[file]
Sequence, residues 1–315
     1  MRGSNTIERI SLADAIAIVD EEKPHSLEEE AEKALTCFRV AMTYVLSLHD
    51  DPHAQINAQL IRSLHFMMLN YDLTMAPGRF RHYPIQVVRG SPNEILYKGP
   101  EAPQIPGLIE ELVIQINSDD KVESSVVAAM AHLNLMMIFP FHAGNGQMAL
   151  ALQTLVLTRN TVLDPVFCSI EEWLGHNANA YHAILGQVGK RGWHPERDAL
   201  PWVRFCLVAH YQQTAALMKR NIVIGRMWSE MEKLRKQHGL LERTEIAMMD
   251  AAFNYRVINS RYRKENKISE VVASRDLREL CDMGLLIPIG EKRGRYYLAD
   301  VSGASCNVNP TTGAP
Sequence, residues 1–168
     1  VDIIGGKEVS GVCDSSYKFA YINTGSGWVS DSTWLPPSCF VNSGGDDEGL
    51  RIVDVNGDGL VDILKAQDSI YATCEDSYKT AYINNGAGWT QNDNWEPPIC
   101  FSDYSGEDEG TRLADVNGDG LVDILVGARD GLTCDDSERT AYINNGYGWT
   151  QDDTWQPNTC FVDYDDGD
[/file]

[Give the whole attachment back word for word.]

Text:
Sequence, residues 1–315
     1  MRGSNTIERI SLADAIAIVD EEKPHSLEEE AEKALTCFRV AMTYVLSLHD
    51  DPHAQINAQL IRSLHFMMLN YDLTMAPGRF RHYPIQVVRG SPNEILYKGP
   101  EAPQIPGLIE ELVIQINSDD KVESSVVAAM AHLNLMMIFP FHAGNGQMAL
   151  ALQTLVLTRN TVLDPVFCSI EEWLGHNANA YHAILGQVGK RGWHPERDAL
   201  PWVRFCLVAH YQQTAALMKR NIVIGRMWSE MEKLRKQHGL LERTEIAMMD
   251  AAFNYRVINS RYRKENKISE VVASRDLREL CDMGLLIPIG EKRGRYYLAD
   301  VSGASCNVNP TTGAP
Sequence, residues 1–168
     1  VDIIGGKEVS GVCDSSYKFA YINTGSGWVS DSTWLPPSCF VNSGGDDEGL
    51  RIVDVNGDGL VDILKAQDSI YATCEDSYKT AYINNGAGWT QNDNWEPPIC
   101  FSDYSGEDEG TRLADVNGDG LVDILVGARD GLTCDDSERT AYINNGYGWT
   151  QDDTWQPNTC FVDYDDGD